If you were to switch from vegetarianism to meat-eating, or vice-versa,
chances are the composition of your gut bacteria would also undergo a big
change, a new study suggests.
The research, published in the journal Nature, showed that the number
and kinds of bacteria and even the way the bacteria behaved changed within a
day of switching from a normal diet to eating either animal- or plant-based
"Not only were there changes in the abundance of different bacteria,
but there were changes in the kinds of genes that they were expressing and
their activity," said study author Lawrence David, an assistant professor
at the Institute for Genome Sciences and Policy at Duke University.
Trillions of bacteria live in each person's gut. They're thought to play a
role in digestion, immunity and possibly even body weight.
The study suggests that this bacterial community and its genes called the
microbiome are extraordinarily flexible and capable of responding swiftly to
whatever is coming its way.
"The gut microbiome is potentially quite sensitive to what we
eat," David said. "And it is sensitive on time scales shorter than
had previously been thought."
David said, however, that it's hard to tease out exactly what that might
mean for human health.
"It's nice to have some solid evidence now that these types of
significant changes in diet can impact the gut microflora in a significant way,"
said Jeffrey Cirillo, a professor of microbial and molecular pathogenesis at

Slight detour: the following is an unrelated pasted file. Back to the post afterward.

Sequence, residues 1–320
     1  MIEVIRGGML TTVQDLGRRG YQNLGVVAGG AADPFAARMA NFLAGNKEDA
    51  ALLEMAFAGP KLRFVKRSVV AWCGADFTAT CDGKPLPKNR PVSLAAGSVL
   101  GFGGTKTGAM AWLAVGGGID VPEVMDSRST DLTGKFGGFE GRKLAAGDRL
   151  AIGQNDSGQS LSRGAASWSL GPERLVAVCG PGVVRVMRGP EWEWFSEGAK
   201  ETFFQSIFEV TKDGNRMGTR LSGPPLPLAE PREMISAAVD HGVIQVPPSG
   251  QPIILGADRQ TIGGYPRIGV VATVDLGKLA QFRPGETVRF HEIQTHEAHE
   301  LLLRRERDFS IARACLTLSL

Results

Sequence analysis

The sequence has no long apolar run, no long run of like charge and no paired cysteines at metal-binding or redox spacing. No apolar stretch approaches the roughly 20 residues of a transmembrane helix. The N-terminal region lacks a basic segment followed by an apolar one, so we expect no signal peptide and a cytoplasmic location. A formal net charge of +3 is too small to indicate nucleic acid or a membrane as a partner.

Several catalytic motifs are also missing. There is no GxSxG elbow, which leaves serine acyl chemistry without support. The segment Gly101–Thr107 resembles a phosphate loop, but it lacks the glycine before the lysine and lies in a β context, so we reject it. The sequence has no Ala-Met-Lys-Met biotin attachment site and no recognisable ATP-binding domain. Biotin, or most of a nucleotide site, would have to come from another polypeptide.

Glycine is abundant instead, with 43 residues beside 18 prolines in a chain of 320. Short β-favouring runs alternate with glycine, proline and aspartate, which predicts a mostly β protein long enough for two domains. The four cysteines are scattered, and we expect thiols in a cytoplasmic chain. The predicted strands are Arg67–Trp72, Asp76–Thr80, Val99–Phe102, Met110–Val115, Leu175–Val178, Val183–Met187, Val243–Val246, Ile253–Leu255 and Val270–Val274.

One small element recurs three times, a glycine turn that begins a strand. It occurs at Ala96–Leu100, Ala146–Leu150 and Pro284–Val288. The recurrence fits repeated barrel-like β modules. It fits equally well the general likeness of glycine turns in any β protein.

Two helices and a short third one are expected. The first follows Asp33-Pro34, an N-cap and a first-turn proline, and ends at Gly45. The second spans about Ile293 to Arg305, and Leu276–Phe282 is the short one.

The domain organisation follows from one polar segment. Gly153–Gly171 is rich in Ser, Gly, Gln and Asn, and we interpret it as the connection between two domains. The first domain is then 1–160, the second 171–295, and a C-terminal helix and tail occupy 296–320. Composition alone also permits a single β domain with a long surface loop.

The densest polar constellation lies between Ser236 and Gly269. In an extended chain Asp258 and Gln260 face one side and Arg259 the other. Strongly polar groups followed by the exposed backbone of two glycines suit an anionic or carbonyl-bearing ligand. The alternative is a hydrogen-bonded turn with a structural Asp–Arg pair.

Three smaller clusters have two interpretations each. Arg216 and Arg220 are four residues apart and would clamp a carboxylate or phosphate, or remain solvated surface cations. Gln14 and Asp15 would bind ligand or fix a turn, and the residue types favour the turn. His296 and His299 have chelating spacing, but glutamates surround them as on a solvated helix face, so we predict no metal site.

the Texas A&M Health Science Centre College of Medicine in Bryan, Texas.
"That's very nice to see, and it's very rapid. It's surprising how quick
the changes can occur."
Cirillo said it was also intriguing how fast the microbiome seemed to
recover. The study found that gut bacteria were back to business as usual about
a day after people stopped eating the experimental diet.
For the study, researchers recruited six men and four women between the ages
of 21 and 33.
For the first four days of the study, they ate their usual diets. For the
next five days, they switched to eating either all plant-based or all
animal-based foods. They then went back to their normal eating habits before
switching to the other diet pattern.
The animal-based diet resulted in the biggest changes to gut bacteria. It
spurred the growth of 22 species of bacteria, while only three bacterial
species became more prominent in the plant-based diet.
The researchers don't fully understand what the shifts mean, but, they said,
some made sense.
For example, several types of bacteria that became more prevalent with the
animal-based diet are good at resisting bile acids. The liver makes bile to
help break down fat.
Another type of bacteria, which became more common in the plant-based diet,
is thought to be sensitive to fibre intake.
The researchers speculated that the bacterial shifts might explain why fatty
diets have been linked to diseases like Crohn's and ulcerative colitis. More
studies are needed, however, before they can say for sure.
Find out more information on overweight and obesity here.
For more on overweight and obesity, visit the Human Microbiome Project.